DVD-R and DVD+R Explained

I have recently began archiving my digital pictures and videos, and would eventually begin archiving film, slides and other photographs. The collection and space requirements will be quite large as there is much to back up. I have decided to archive it all to multiple DVD discs. This got me to thinking about which discs to use for my archiving. Obviously, I want good quality discs (please read How Long Will a CD-R last? for more details) but I then thought about the two competing DVD standards: DVD-R and DVD+R.

I decided to research the two formats and determine which one I should choose for archiving. I explain my findings in this post.


The DVD-R format was developed in 1997 by Pioneer and is now supported by most DVD players and ahs the approval from the DVD Forum. The DVD Forum is an international organization composed of hardware, software, media and content companies that use and develop the DVD format. The correct pronunciation of this format is “DVD” dash “R”.

This format is compatible with most players and DVD-ROMs on the market so is a popular choice for creating videos or burning pictures. If you want to ensure compatibility, then go with this format.


In 2002, the DVD+RW Alliance, which consists of a group of electronic hardware, optical storage and software manufacturers, created a competing format called DVD+R. It also stores 4.7 GB of data, but unlike DVD-R, it has not been approved by the DVD Forum.

The biggest difference between this format and DVD-R format is hidden from the user. The DVD+R format uses the ADIP (Address in Pregroove) system of tracking and controlling the speed of the DVD. This is less susceptible to error than the LPP (Land Pre Pit) system used by DVD-R, which means the ADIP system is more accurate at higher speeds. The DVD+R format also has a more robust error management system, which allows more accurate burning independent of the quality of the media.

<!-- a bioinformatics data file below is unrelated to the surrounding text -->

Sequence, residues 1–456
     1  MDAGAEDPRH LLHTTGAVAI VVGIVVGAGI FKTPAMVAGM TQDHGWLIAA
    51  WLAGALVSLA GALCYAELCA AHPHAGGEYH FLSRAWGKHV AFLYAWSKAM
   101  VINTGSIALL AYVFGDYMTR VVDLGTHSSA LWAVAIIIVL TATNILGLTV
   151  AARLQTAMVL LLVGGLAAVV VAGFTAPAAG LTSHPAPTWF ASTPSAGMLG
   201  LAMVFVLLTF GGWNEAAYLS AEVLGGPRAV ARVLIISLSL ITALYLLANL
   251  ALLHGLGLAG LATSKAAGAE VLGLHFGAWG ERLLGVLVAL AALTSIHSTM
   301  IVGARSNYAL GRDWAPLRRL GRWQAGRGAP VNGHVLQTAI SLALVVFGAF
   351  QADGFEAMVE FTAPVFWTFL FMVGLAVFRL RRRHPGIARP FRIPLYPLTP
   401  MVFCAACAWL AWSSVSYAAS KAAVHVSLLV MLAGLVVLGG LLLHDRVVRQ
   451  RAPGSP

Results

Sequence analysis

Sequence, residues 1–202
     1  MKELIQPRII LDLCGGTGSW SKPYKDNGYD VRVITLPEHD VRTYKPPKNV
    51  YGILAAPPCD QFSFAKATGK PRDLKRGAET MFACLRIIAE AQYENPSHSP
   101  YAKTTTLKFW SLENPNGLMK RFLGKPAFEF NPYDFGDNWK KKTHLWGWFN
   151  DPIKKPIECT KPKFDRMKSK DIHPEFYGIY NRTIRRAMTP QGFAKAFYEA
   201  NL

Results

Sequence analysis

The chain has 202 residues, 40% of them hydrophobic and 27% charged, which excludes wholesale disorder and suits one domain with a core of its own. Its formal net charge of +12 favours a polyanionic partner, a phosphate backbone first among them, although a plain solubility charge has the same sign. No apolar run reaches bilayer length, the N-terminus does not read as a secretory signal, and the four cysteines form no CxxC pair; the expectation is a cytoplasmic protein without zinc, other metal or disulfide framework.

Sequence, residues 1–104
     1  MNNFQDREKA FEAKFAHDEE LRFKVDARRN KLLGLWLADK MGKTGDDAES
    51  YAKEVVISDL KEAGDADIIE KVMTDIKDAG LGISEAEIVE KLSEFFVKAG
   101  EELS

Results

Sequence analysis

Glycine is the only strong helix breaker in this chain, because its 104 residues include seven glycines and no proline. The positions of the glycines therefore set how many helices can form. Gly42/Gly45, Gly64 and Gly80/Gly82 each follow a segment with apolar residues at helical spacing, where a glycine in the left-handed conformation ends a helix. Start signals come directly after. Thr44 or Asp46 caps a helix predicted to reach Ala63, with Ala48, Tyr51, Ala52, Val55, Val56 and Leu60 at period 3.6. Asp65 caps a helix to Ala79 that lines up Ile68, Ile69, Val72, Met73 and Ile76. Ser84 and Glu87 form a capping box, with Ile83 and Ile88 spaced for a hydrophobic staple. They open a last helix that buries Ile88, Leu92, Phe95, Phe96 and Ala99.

Since the DVD-R format came to the market five years before DVD+R, many of the older DVD players (pre-2004) aren’t compatible with the DVD+R format. If you can’t play a recordable DVD in a DVD player, this may be the reason.


After reviewing the two standards I have determined that for my day-to-day backups, pictures I burn for someone else, or home videos I will use the DVD-R discs. The reason for this is because there are more DVD players and DVD-ROMS compatible with this format.

Since the DVD+R has better a better error management system, can burn better at higher speeds I will use those for my archive backups. Since I will be the one using those discs, then I can ensure that the DVD-ROM will be compatible with DVD+R format.

If you would like to use either format, many DVD burners can write and read both formats. This makes it easier for you to use both formats without any problems.

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